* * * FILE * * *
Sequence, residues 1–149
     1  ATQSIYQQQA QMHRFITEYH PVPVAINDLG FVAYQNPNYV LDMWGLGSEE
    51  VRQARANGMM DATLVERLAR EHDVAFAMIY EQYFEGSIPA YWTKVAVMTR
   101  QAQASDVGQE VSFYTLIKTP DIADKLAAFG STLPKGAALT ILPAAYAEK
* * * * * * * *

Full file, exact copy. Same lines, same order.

Sequence, residues 1–149
     1  ATQSIYQQQA QMHRFITEYH PVPVAINDLG FVAYQNPNYV LDMWGLGSEE
    51  VRQARANGMM DATLVERLAR EHDVAFAMIY EQYFEGSIPA YWTKVAVMTR
   101  QAQASDVGQE VSFYTLIKTP DIADKLAAFG STLPKGAALT ILPAAYAEK